GST for under-construction units may be cut to 5% from 12%; input tax credit may go for builders
In a move that could give a fillip to the real estate sector, the Goods and Services Tax (GST) Council is set to bring down the tax incidence on under-construction houses/flats.
One option is bringing the tax rate from 12% to 5% for all such projects but deny the input tax credit (ITC). Alternatively, the Council at its 32nd meeting on January 10 may also allow ITC to those builders who buy 80% or more of inputs from registered dealers, even with the reduced tax rate.
The proposed change in the tax structure for under-construction housing projects is intended to correct the practice of builders not passing on the benefit of reduced tax incidence under GST compared to the previous regime to the consumers. It could also give a further boost to affordable-housing projects, incentivised by the government.
Currently, the Goods and Services Tax (GST) is levied at 12% on payments made for under-construction property or ready-to-move-in flats where completion certificate has not been issued at the time of sale.
However, GST is not levied on buyers of real estate properties for which completion certificate has been issued at the time of sale as sale of land is involved in such cases.
In the case of affordable housing projects like Jawaharlal Nehru National Urban Renewal Mission, Rajiv Awas Yojana, Pradhan Mantri Awas Yojana or any other housing schemes of state governments, the GST is levied at a lower rate of 8 %. Given the higher tax on inputs, the builders actually pay nil tax on the value they added, but this benefit barely reaches the consumers.
Massive investments are being planned in the affordable-housing segment; under the Pradhan Mantri Awas Yojana (Urban) itself, the total investments envisaged by 2022 is RS 3.85 lakh crore.
“Any move to bring down the GST rate of under-construction apartments to 5% would act as a fillip to promote sales in an otherwise sluggish residential market. However, this should ideally be accompanied by steps requiring builders to make all or the majority of purchases from registered dealers, so that the value chain is unbroken,” MS Mani, partner, Deloitte India, said.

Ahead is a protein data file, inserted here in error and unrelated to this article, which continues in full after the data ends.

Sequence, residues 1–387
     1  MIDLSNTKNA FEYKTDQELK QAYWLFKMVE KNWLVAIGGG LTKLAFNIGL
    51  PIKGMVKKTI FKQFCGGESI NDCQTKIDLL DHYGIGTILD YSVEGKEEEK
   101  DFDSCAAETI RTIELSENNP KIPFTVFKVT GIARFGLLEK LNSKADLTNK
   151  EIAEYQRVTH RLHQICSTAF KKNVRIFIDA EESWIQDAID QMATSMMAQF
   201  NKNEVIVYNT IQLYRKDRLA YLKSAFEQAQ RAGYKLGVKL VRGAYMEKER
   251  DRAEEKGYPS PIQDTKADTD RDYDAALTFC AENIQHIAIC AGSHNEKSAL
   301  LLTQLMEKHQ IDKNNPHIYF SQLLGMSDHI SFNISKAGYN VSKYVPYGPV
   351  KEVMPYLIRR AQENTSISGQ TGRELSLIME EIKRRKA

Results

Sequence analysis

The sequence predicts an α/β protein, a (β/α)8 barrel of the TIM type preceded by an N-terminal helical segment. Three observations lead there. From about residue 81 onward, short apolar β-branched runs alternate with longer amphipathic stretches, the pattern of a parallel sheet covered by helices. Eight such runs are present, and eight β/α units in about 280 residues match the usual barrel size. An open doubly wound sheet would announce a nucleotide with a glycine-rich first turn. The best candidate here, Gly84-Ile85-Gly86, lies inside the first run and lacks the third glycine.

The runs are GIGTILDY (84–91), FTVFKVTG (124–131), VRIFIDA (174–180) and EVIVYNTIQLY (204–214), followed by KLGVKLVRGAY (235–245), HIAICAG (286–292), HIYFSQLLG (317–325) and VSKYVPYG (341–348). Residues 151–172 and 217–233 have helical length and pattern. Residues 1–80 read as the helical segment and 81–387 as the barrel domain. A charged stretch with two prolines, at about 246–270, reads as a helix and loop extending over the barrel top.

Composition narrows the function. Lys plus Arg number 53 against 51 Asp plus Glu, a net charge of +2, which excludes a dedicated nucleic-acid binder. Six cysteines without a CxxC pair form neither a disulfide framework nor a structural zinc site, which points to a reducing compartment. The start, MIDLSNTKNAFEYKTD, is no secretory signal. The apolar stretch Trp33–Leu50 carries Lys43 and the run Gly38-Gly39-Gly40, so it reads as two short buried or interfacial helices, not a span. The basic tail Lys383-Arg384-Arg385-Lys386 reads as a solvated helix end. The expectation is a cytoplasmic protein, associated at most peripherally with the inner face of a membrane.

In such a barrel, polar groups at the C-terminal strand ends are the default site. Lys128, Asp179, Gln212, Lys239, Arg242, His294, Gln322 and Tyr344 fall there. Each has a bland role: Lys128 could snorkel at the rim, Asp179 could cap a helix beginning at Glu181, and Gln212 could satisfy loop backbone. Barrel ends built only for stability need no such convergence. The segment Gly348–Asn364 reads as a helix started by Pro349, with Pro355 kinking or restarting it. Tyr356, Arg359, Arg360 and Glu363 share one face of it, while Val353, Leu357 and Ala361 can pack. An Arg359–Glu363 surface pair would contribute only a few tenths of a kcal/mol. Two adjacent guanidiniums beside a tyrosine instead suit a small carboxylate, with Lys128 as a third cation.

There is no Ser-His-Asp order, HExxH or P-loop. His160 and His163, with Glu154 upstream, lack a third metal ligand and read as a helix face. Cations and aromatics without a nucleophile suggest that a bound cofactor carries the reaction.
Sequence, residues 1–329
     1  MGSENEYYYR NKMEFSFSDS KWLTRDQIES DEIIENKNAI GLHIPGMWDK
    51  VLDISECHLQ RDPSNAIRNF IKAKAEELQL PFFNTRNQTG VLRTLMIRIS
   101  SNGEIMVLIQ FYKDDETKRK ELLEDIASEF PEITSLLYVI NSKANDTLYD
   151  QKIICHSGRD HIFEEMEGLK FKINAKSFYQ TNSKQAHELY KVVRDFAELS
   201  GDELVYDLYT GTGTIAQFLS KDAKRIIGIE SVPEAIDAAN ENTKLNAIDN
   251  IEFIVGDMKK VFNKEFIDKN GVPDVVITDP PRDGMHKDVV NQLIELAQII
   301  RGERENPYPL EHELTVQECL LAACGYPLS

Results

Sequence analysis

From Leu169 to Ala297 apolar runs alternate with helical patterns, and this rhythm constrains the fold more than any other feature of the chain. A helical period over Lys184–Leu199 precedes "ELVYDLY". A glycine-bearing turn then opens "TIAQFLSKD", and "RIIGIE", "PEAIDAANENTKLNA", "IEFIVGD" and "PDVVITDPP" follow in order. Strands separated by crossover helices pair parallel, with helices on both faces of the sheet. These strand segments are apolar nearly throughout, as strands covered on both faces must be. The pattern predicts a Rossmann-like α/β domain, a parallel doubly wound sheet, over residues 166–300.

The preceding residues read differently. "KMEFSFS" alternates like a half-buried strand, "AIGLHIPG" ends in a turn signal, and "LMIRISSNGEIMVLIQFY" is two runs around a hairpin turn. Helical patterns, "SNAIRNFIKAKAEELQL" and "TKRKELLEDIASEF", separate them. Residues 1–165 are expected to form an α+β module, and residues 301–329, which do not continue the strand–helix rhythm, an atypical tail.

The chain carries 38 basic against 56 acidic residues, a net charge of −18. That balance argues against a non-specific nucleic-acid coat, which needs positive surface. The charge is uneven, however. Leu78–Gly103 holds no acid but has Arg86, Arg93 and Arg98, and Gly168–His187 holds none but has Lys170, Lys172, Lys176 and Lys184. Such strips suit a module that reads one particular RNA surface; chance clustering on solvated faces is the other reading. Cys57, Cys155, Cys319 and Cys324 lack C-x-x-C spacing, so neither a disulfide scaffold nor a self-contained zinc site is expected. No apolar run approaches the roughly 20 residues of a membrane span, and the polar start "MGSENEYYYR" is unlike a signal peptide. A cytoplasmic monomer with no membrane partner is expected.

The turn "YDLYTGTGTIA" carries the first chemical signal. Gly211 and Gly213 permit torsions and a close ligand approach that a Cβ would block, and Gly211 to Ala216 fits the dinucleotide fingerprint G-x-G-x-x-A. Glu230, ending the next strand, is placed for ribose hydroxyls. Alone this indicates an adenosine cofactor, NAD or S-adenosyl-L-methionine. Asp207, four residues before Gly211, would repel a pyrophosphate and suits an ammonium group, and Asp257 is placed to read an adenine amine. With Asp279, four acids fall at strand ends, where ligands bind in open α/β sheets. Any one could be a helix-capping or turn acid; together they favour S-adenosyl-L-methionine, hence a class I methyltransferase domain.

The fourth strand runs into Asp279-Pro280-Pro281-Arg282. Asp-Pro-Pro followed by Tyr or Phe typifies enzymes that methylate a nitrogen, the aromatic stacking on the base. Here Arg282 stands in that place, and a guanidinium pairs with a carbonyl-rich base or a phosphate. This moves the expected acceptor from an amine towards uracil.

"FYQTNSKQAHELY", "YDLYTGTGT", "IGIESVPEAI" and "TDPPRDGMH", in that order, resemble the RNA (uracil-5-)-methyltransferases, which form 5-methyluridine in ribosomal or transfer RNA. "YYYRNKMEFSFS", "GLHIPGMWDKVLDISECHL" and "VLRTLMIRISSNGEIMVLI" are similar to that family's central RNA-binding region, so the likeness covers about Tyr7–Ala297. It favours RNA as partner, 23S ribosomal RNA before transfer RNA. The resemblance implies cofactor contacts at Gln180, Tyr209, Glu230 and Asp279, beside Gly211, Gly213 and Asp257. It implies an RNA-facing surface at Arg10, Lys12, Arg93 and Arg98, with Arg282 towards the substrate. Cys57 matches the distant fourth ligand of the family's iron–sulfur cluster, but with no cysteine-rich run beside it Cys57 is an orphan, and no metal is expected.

Of course, denial of input tax credit militates against the GST principle of unbroken tax chain but the government had earlier brought restaurants under such a scheme with a flat tax rate of 5% as it found that most of them were not actually passing on the benefit of ITC to the customers.
In a recent interview to ANI, prime minister Narendra Modi acknowledged that some small traders have faced inconvenience under the GST regime. Stating that the government’s responsibility was to be sensitive to their concerns, he said the collective effort of the Council was to simplify the tax structure to the extent possible and make rates moderate.
“Practically speaking, all builders working on a model which is chargeable to GST, but they pay for inputs in cash till the time completion certificate is issued. That is how tax is being evaded. If the tax rate is cut to 5%, people will stop playing with legislation and start paying due taxes,” Rajat Mohan, partner at AMRG & Associates, said.
Briefing reporters after the last GST Council meeting, finance minister Arun Jaitley had said: “The potential home-buyers feel they are not getting benefits under GST. Certain proposals have come before the Council and the law and fitment committee will look into the matter and the matter will come up in the next Council meeting. There was a total consensus that something needs to be done.”
Major construction materials, capital goods and input services used for the construction of flats and houses attract 18% GST, while cement attracts 28% tax. The government has clearly stated that its intention to cut the rate on cement to 18% but the decision is postponed, considering the huge revenue implications (seen at Rs 14,000 crore/year).
Prior to GST roll-out, under-construction housing projects attracted 4.5% service tax and state-level value-added tax (VAT) of 1-5 %. Also, inputs used in construction attracted 12.5 % excise duty in addition to 12.5-14.5 % VAT. Besides, entry tax was also levied on the inputs. After adjusting for credits on inputs used, the effective per-GST tax incidence on such housing property was 15-18 %, a quote higher than the current incidence with 12% tax rate and ITC. However, the benefits of this don’t actually reach the consumer.
At its January 10 meeting, the council could also raise the turnover threshold for GST application to Rs 75 lakh or thereabouts from Rs 20 lakh at present, in a move that could give lakhs of MSME units the option to move out of the tax ambit. The centre-state body that works on a defined principle of consensus, however, could also announce a composition scheme for small service providers, as it reckons high tax incidence of 18% is onerous for a sizeable section of the industry, leading to tax evasion.